colour code of conduct
So imagine that you are walking down a busy street, Saturday shopping as per usual. Suddenly there is someone walking towards you and you notice that everyone else is giving them a wide berth. Their bright, red face is turned down, covered with a hood, never truly able to be hidden. You know this person is different and you even know a category if not the specifics. This person committed murder.
In this week’s novel, visibility serves as the punishment. Instead of simply giving away pictures and details of all criminals, they are actually made visible signs of their wrongdoings; Red means murder, Yellow a misdemeanour, Blue a child molester. There are also Oranges, Purples and Greens, although those are not discussed fully. In the book, this method is justified by the expensive nature of prisons, chroming revealing itself as the cheaper, easier option. The scary thing is, it sounds very plausible. This method also has the benefit of everyone being able to play the role of judge and jury. There isn’t a place where a criminal can escape their sentence as they are monitored in every way possible. Releasing the criminals to walk among “normal” people is safer, I suppose, since everyone knows what is going on.
It is also clearly an effective form of punishment. Seclusion from the society may work in preventing criminals from repeating their offences but it also somewhat frees them from the outside reaction to their crimes. In the context of this novel’s system, the punishment is isolation within the society. Especially since it is a novel and therefore less blatantly visible, one can forget Hannah’s skin colour. However, there is always a situation or a person around her to remind us of the fact. I wonder which one feels worse, being in prison among other convicts, enclosed and trapped or being out and having to relive what happened through other people every day of your sentence.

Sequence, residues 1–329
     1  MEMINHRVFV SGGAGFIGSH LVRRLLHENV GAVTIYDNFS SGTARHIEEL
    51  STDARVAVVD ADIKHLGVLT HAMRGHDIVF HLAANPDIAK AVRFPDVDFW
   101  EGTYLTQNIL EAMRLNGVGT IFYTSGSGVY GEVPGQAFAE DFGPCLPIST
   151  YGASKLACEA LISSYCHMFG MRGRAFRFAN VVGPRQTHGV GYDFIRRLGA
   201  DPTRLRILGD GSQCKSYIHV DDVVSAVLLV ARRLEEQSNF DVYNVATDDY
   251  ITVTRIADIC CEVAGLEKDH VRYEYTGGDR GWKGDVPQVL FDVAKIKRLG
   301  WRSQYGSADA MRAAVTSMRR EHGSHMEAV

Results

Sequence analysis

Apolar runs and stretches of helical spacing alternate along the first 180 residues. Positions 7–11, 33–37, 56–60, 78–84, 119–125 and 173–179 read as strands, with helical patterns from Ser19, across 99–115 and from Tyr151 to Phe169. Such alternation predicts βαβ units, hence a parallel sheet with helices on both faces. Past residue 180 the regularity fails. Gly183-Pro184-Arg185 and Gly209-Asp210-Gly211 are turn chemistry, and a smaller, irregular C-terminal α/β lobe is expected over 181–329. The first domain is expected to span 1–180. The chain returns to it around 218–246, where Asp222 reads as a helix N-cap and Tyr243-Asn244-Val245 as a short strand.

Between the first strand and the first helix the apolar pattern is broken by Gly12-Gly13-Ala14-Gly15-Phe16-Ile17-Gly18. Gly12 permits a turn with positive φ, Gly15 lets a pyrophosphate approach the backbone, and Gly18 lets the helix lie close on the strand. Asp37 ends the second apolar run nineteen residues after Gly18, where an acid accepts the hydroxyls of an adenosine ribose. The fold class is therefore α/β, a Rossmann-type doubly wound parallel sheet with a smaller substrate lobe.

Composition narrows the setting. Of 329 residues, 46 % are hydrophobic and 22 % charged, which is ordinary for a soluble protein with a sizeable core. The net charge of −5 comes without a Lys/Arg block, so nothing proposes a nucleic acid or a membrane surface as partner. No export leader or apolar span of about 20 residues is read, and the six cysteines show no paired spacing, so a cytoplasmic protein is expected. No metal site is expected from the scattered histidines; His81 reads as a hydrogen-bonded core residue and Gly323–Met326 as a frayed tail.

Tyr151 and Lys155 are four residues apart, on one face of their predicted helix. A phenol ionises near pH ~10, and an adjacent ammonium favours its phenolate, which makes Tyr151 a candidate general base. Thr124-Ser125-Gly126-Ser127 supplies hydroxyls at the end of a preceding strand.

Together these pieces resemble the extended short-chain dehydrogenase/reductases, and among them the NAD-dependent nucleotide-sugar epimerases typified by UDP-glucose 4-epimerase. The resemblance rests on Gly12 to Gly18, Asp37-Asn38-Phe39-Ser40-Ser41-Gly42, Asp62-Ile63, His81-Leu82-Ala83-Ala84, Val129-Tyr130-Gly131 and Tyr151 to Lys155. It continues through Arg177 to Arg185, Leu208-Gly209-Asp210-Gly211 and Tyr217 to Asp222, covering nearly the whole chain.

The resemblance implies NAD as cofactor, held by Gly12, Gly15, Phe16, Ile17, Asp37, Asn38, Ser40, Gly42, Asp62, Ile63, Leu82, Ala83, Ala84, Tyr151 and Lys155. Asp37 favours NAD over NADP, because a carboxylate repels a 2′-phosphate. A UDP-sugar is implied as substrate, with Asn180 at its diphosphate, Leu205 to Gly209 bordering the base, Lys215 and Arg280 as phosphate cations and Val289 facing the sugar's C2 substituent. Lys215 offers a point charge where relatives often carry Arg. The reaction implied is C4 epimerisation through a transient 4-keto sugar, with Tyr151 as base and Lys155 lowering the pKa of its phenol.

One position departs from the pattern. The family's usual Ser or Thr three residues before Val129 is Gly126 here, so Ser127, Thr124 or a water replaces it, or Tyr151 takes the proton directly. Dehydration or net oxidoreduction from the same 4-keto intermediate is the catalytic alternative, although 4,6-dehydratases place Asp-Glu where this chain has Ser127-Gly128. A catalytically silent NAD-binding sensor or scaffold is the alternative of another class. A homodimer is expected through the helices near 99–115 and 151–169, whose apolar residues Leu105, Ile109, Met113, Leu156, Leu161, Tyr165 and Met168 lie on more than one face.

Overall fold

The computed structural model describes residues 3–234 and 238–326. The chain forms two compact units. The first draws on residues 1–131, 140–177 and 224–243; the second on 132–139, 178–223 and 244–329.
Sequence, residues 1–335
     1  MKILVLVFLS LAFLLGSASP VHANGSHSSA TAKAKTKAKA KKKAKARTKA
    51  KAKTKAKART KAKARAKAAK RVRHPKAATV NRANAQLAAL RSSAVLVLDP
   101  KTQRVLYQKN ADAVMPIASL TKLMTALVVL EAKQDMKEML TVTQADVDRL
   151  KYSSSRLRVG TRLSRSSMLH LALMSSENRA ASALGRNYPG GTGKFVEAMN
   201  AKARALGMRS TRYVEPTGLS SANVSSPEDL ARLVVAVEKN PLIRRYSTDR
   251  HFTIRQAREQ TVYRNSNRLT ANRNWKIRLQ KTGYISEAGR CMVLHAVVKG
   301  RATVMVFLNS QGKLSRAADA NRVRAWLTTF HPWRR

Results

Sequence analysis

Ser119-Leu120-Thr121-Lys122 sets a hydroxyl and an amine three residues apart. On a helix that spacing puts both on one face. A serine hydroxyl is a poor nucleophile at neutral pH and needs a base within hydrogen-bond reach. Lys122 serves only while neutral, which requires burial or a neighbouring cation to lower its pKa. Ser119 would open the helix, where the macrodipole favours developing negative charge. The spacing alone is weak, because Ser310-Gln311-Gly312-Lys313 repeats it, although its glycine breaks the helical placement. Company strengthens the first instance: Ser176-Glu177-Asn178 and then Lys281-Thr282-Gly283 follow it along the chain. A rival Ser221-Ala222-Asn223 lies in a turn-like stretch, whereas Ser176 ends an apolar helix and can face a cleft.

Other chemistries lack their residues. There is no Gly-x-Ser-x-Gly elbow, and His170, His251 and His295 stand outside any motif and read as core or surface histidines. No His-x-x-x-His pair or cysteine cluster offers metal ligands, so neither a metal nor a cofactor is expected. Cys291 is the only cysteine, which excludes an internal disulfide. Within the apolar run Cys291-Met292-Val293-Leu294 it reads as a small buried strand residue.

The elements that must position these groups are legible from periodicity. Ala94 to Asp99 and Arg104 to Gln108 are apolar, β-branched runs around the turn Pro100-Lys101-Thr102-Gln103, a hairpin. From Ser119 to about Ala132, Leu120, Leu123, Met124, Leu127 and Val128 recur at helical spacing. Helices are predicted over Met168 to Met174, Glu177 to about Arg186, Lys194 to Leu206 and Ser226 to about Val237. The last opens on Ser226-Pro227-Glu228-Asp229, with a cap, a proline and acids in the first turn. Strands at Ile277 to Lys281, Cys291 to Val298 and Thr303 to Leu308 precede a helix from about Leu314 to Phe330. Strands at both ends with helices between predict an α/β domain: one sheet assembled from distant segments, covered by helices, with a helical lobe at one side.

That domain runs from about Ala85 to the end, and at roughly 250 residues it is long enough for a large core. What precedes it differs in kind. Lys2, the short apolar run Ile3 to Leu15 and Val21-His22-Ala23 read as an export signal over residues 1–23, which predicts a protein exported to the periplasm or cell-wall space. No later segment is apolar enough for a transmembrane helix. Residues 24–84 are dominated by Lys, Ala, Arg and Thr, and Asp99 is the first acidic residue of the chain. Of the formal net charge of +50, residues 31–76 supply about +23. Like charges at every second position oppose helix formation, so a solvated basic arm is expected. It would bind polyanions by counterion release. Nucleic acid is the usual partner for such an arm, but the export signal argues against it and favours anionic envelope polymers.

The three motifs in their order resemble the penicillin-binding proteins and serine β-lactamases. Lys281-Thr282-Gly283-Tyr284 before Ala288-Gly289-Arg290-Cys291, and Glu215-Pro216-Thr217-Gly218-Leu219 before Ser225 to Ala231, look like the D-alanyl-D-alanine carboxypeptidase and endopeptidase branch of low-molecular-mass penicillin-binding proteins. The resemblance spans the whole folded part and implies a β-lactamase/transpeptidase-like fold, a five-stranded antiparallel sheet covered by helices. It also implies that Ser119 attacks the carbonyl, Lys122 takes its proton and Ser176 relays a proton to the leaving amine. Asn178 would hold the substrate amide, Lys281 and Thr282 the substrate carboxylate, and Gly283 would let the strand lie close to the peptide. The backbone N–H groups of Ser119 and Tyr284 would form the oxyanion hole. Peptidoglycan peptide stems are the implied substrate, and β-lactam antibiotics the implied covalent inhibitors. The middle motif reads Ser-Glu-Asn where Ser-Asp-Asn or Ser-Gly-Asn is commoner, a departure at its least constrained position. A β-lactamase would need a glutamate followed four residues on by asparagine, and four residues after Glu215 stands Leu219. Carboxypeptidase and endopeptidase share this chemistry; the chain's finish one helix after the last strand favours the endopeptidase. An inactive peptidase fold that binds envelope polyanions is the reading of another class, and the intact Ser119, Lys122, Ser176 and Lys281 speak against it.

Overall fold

One assessment the reader has to deal with is whether they are against Hannah or with her. This is made rather easy, at least for Western, pro-choice readers. In the society Hannah lives in, abortion is illegal and therefore the reason she is chromed. Personally, since I come from an education and judicial system that teaches me that abortion is allowed within certain limits and being void of any religious view that would restrict me, I immediately side with Hannah. This may prove harder for a person with a stricter view on abortion.
Again, I find a novel where women are defined by their reproductive abilities. Hannah’s society has endure a Great Scourge, forcing women to turn into breeding machines. Okay, that might have been a bit harsly worded, but is does remind me of the world of The Handmaid’s Tale (rather than the original inspiration The Scarlet Letter, that connection was completely lost on me…). In both novels, women are categorised according to their ability to bear children, however, in this novel is it not so clear. But who can read these two novels and not make Alyssa a Wife in blue and Hannah a Handmaid in Red?! I’m hoping what I’m reading is a form of criticism towards the nature of things now and not a all-too-good premonition… Anyway, at least the story is well written.
– Jatta –